September 9, 2013
So yet another anniversary of my HIV infection has come to pass. Another year of living poz. Another year successfully containing my HIV to a deep and dormant slumber. The day came. And, like most simple things in my life, nothing happened. I heard no fireworks go off outside far in the distance. I didn't hear any women and small babies weeping for me out on the streets. I didn't hear a single bang. And that's just it.
It's not the hard fact that HIV has become the norm in this country that upsets me. Nor is it the reality that at times and periods I now even forget all about being HIV positive. Nowadays the only thing that sort of upsets me IS the fact that I HAVE TO live with my HIV. I guess what I am trying to express is that in some small ways this virus still limits me in doing some things. It hinders me from being a Soldier again. It halts my dreams of ever becoming a police officer. It reminds me that I cannot exert myself in some intense activities like running or lifting like before. And it keeps me from making friends or making great contributions like donating blood.
You know, close to my first year of my anniversary I actually told myself that I would bake a cake every year to remind me of it. I was going to frost it with dark black frosting. Red frosting trim all around it. And a number, marked in yellow frosting, announcing the year I was currently celebrating. I was going to call it my "Death Cake." Funny, huh?
That was when I was an infant on this whole HIV/AIDS issue. And, even though I am on year 7, in some ways I still am. I mentioned earlier that I was upset about some things my HIV hinders me from doing. But, I am also glad that it hinders other dark activities from me. Remember, I am only human and am still susceptible to certain desires and wants. But my having HIV sometimes reminds me with the hard cold fact that I have an obligation to myself and others not to conduct myself in those dark places.
I know that to say that living with HIV or AIDS is commonplace and normal and for me just saying THAT is abnormal. There is nothing normal to having or living with HIV. But, it IS normal in the way that it helps me try to live my life in normality. I try to be more responsible in my actions. I try to take it slow and live my life not at a fast pace. I work as a regular state worker and don't have to worry about life-threatening situations I would be in if I were still a Soldier or became a police officer. It's like living a double-edge sword. I hate having HIV at the same time I can accept that I have HIV.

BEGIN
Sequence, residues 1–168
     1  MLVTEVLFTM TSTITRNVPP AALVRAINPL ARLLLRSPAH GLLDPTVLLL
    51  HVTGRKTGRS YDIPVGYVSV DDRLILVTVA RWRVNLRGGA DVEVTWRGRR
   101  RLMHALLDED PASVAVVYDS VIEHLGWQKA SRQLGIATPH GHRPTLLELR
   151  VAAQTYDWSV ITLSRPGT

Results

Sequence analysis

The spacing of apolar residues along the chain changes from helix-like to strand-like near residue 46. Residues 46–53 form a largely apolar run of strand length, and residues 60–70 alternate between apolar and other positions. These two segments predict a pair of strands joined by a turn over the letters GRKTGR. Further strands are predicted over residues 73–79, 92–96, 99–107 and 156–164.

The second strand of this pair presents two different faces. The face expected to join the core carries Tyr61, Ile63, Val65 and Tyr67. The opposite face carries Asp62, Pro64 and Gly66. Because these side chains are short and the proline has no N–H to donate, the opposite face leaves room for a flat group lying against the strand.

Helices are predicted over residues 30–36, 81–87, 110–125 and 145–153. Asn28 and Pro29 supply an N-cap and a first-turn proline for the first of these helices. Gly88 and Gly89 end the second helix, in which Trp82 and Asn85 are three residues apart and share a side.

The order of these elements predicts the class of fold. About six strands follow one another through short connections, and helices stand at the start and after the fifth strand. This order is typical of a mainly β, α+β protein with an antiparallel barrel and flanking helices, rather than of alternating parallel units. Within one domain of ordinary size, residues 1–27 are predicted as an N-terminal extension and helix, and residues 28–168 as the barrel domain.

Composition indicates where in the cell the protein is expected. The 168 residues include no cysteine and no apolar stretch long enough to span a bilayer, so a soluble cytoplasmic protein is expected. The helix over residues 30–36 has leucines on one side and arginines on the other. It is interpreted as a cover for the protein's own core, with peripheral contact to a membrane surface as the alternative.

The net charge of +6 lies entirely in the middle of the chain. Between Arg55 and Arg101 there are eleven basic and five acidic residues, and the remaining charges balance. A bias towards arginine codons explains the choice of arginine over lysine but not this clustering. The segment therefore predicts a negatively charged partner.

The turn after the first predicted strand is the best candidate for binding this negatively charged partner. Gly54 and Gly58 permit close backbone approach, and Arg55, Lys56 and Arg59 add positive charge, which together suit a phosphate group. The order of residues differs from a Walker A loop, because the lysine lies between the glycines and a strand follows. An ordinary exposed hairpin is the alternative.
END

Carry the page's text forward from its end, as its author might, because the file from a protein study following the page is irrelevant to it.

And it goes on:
And I don't need to celebrate my own mortality by baking an annual "Death Cake" for myself. I don't have to get offended when I see on the television how many people continue to get infected. I don't have to get angry at those people when I hear gay-bashing comments, or HIV stereotypes, or go through what I think is an HIV prejudice. No, why bother?
Today my normality means that I have HIV and am still living a good life, period. In the beginning I so much wanted to become an advocate against future infections. I wanted to be an activist in speaking out and openly combating HIV and AIDS. Today that does not concern me any longer. I am content with living MY life and dealing with MY issues and situations in MY own life. That does not mean that I feel for those who are recently becoming infected or am upset with those who are deliberately spreading their HIV. To each his or her own. I just want to continue living my life the best way I can. What I am trying to say is, it is OK if you are infected with HIV or have AIDS and refuse to share it with ANYONE. It's OK if you want to yell and scream and fight openly and be active in our HIV/AIDS community. And, it's OK to just go on going on, living with your HIV and just trying to live as much a normal life as you can.
I know that my newer words might sound contradicting from my earlier years, but I am older now. I have seen and experienced things that have shifted my thought process. And, I do strongly believe that I am growing and maturing as time goes on. So, if you have HIV or recently became infected all I say to you today is just love yourself. Love who YOU are and just take it one day at a time. Keep it to yourself or deliberately share it with whomever. There is no right or wrong answer on this one. But, just LOVE YOURSELF. Don't hate yourself and put yourself into a dark hole. Having HIV may not be "normal" but that does NOT mean you can no longer live a normal life. Just simply take it for what its worth and allow yourself to be a little angry or sad or scared. It will pass and that love that those true friends and family and regular people that have for you WILL SHINE ON THROUGH. You can love yourself and continue to tell yourself when you look in that mirror that "I have HIV or AIDS and I am normal."
Read Enrique's blog A Brighter Vision.